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12. CHAPTER XII (continued)
"I do not wish to write unkindly, nothing can be farther from my real feelings towards you, but there is often more kindness in plain speaking than in any amount of soft words which can end in no substantial performance. Of course, I bear in mind that you are of age, and can therefore please yourself, but if you choose to claim the strict letter of the law, and act without consideration for your father's feelings, you must not be surprised if you one day find that I have claimed a like liberty for myself.--Believe me, your affectionate father, G. PONTIFEX."
I found this letter along with those already given and a few more which I need not give, but throughout which the same tone prevails, and in all of which there is the more or less obvious shake of the will near the end of the letter. Remembering Theobald's general dumbness concerning his father for the many years I knew him after his father's death, there was an eloquence in the preservation of the letters and in their endorsement "Letters from my father," which seemed to have with it some faint odour of health and nature.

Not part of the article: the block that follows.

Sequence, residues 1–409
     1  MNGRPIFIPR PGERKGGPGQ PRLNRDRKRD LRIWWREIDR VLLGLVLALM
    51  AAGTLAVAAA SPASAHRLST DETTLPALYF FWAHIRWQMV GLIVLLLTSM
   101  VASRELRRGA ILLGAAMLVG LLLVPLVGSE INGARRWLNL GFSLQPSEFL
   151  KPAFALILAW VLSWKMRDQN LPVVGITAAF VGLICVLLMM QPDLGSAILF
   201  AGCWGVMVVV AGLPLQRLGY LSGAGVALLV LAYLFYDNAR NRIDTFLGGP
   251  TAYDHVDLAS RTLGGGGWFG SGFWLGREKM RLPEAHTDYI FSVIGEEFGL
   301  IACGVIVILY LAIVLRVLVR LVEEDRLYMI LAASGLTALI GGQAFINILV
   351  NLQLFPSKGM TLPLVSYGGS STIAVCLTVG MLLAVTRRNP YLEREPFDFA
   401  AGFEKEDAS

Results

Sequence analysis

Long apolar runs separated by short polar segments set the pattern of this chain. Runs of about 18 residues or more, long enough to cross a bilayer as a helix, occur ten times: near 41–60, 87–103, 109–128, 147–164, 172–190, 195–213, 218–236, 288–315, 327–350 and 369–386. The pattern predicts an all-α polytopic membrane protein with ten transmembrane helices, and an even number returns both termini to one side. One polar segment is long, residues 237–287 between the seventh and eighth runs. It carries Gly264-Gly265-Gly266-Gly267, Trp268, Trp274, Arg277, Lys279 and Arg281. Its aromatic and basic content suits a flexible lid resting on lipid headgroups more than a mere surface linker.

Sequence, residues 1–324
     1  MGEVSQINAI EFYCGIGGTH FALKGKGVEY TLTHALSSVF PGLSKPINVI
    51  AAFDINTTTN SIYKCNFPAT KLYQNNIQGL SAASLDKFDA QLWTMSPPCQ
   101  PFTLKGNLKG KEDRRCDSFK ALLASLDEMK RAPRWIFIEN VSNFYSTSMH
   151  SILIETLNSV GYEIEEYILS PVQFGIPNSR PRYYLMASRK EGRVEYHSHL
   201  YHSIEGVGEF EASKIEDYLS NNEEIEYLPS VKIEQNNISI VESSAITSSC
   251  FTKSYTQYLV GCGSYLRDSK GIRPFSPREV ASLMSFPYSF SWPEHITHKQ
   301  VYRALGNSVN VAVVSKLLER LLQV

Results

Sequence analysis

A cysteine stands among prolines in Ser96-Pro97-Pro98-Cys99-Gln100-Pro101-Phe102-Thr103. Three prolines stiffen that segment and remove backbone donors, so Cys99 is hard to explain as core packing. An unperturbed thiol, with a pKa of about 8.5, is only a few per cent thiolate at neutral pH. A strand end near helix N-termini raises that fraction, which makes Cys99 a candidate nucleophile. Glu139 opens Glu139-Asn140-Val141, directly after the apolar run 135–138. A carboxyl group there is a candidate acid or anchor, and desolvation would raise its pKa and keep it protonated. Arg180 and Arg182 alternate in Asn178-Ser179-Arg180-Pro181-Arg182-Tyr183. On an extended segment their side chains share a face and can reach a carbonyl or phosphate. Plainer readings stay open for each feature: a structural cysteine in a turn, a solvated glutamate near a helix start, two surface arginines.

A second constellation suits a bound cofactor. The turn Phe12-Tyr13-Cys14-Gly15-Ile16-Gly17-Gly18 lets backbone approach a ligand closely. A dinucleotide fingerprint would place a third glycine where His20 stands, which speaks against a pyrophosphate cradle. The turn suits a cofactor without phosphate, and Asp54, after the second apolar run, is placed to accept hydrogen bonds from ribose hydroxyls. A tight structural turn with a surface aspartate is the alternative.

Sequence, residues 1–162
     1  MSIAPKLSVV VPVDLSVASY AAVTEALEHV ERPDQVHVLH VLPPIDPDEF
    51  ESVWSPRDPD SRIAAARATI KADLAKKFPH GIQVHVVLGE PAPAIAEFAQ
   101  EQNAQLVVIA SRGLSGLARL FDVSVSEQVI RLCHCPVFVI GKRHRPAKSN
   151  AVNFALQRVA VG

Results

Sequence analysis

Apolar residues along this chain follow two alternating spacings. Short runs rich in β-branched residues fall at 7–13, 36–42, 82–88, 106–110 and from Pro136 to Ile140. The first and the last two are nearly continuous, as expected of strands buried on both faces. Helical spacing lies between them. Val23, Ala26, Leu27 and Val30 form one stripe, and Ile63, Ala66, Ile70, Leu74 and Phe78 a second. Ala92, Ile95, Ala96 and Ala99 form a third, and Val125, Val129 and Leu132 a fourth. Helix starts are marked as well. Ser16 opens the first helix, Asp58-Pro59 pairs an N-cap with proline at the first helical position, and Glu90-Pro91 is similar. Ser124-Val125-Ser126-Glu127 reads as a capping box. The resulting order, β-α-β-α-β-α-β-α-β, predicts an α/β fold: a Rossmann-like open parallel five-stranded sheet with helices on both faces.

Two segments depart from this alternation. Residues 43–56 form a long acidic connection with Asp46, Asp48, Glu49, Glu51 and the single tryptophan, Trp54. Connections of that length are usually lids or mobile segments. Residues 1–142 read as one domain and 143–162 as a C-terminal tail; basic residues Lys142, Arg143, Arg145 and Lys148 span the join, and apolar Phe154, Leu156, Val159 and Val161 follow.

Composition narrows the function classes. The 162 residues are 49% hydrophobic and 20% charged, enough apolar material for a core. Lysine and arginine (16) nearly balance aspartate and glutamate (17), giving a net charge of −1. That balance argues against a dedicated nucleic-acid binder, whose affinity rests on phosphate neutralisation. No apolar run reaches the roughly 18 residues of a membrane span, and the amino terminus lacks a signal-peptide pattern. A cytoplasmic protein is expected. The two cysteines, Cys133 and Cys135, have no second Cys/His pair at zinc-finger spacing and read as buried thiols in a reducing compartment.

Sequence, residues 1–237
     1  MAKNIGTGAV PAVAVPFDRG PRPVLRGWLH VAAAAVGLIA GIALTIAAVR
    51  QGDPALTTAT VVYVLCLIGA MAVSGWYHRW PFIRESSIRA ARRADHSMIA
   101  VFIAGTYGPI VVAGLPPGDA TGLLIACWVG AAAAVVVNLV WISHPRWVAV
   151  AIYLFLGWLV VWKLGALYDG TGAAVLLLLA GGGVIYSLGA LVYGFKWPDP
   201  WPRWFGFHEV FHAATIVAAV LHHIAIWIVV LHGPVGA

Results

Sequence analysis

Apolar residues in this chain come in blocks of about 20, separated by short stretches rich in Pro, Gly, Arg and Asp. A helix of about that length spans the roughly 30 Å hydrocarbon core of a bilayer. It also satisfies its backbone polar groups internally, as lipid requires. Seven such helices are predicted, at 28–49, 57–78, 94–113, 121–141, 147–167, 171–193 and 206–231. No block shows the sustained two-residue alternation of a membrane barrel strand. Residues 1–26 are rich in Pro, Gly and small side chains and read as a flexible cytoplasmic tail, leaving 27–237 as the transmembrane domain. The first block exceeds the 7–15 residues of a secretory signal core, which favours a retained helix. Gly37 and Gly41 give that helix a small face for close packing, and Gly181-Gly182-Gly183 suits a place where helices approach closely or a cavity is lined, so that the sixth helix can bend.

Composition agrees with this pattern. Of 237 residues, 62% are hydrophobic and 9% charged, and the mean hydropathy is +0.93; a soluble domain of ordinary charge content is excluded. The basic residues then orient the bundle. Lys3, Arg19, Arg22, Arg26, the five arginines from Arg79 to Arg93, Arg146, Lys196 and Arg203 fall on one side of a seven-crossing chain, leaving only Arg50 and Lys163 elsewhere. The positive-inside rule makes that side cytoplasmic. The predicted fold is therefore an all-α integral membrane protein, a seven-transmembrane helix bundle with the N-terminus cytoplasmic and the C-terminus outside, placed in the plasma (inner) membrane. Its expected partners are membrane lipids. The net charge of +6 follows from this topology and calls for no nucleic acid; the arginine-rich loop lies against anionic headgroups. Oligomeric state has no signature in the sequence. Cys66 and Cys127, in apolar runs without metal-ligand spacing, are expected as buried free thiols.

Theobald did not show his father's letter to Christina, nor, indeed, I believe to anyone. He was by nature secretive, and had been repressed too much and too early to be capable of railing or blowing off steam where his father was concerned. His sense of wrong was still inarticulate, felt as a dull dead weight ever present day by day, and if he woke at night-time still continually present, but he hardly knew what it was. I was about the closest friend he had, and I saw but little of him, for I could not get on with him for long together. He said I had no reverence; whereas I thought that I had plenty of reverence for what deserved to be revered, but that the gods which he deemed golden were in reality made of baser metal. He never, as I have said, complained of his father to me, and his only other friends were, like himself, staid and prim, of evangelical tendencies, and deeply imbued with a sense of the sinfulness of any act of insubordination to parents--good young men, in fact--and one cannot blow off steam to a good young man.
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